pigrabbitbear writes: "The hunt for the Higgs boson, that most elusive particle of physics, the one that gives other particles mass, came closer to an end on July 4. Experiments at CERN’s Large Hadron Collider, the world’s largest particle accelerator, revealed evidence of the particle. But the LHC didn’t do it alone. The search has been a massive, costly and unprecedented international effort that began thousands of miles away, at another atom smasher located underneath the Illinois prairie.
When the Tevatron opened in 1983 at Fermi National Laboratory, outside Chicago, it was the world’s most powerful particle accelerator, designed to smash protons and antiprotons together in order to see what makes up the universe. After its discovery in 1995 of the top quark, the most massive subatomic particle, the Tevatron would begin the search for the Higgs. When the LHC came online in 2009, scientists at the Tevatron’s two experiments, CDF and DZero, would join physicists at their European counterpart in the meticulous hunt. At times, it seemed that America’s biggest science experiment might even beat the LHC to the punch."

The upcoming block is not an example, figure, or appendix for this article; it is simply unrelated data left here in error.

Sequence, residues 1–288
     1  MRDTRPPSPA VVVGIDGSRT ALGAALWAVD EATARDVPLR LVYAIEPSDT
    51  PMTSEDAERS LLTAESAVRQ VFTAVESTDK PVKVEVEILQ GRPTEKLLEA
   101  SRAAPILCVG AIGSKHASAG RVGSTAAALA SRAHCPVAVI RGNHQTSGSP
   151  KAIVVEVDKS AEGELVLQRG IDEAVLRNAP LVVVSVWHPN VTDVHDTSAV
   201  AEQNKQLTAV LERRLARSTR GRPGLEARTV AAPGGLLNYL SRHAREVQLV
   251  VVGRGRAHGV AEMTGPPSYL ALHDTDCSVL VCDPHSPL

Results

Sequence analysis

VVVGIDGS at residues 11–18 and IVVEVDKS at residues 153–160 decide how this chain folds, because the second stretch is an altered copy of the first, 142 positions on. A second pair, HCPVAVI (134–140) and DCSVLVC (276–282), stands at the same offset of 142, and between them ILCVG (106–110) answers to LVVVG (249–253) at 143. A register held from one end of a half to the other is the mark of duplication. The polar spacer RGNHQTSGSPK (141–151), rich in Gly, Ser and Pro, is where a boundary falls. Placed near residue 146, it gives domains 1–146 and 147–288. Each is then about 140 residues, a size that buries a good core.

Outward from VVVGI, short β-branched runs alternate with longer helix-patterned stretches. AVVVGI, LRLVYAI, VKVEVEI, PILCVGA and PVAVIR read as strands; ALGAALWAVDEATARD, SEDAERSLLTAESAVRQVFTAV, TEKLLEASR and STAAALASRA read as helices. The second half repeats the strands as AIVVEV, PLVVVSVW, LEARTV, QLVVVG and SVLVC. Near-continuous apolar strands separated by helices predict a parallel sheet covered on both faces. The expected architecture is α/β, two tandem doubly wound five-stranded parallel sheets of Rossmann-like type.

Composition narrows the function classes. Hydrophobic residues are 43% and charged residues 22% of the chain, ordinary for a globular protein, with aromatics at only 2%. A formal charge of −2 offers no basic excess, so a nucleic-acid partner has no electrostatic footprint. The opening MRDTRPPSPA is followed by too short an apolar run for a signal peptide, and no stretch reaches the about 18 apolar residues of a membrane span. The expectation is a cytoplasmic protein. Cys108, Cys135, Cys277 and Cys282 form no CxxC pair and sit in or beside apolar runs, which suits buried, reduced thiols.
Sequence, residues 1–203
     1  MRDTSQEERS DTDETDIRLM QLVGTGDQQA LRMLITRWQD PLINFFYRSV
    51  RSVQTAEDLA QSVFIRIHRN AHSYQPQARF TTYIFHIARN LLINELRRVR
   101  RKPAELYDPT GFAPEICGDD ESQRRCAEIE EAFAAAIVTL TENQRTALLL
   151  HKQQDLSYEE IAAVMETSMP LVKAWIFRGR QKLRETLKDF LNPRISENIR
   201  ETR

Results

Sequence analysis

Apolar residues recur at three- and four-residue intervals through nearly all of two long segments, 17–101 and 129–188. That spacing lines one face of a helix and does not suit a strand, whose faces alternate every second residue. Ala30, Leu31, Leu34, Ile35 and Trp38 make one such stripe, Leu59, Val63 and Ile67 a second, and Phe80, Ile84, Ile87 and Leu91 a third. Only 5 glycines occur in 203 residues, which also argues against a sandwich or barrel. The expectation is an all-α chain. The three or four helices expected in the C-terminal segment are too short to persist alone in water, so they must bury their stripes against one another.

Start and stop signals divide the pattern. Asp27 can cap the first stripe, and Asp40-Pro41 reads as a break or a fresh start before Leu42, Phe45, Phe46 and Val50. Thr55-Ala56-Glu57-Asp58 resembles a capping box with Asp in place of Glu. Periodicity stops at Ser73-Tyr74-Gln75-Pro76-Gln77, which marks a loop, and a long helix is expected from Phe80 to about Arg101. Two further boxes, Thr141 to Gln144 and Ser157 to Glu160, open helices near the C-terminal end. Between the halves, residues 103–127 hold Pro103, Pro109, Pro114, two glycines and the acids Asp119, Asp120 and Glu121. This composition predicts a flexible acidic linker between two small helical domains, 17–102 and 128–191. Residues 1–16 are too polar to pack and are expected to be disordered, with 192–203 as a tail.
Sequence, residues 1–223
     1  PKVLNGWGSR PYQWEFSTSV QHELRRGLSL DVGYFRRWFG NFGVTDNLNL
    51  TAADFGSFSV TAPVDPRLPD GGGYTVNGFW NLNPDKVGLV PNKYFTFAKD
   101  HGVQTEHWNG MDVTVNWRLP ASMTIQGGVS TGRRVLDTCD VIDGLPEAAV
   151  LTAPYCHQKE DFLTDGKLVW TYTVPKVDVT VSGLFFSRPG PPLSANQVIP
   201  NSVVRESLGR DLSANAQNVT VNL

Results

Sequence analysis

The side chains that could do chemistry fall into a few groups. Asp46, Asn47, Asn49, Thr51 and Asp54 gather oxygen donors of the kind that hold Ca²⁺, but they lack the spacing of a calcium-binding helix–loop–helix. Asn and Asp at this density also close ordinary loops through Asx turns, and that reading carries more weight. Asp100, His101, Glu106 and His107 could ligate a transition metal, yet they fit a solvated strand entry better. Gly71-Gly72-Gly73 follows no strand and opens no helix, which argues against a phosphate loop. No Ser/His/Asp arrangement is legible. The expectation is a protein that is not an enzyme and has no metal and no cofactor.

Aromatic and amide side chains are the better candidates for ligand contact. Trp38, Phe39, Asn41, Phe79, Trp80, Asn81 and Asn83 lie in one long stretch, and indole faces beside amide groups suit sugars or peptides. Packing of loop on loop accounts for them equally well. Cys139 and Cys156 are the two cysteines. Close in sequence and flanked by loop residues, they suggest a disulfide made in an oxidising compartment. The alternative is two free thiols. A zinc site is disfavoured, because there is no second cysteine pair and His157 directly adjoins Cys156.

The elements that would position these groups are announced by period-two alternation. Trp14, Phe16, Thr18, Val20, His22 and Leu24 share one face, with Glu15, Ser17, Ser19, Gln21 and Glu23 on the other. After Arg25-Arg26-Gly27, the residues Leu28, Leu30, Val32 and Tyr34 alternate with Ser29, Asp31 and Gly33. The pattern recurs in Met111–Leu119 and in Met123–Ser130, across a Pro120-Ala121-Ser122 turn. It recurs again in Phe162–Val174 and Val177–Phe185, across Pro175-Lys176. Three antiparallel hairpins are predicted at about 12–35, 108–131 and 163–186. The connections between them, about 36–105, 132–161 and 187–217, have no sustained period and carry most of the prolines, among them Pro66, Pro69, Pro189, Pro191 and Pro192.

pigrabbitbear writes: "Tomorrow, when the world hears a giant announcement about the Higgs boson from scientists at Europe’s CERN laboratory, they might not notice its American accomplice. On Monday, the Fermi National Laboratory in Batavia, Illinois, or Fermilab, announced its best evidence yet for the existence of the Higgs, the particle theorized to give matter its mass. In its particle collision experiments, a significant “bump” is hard to see against the noise of other particles, and Fermilab has found a bump in the data with a probability of 1 in 550 that it’s not an error. It’s not a smoking gun for the Higgs — something like that will have to come out of CERN’s experiments — but it’s something."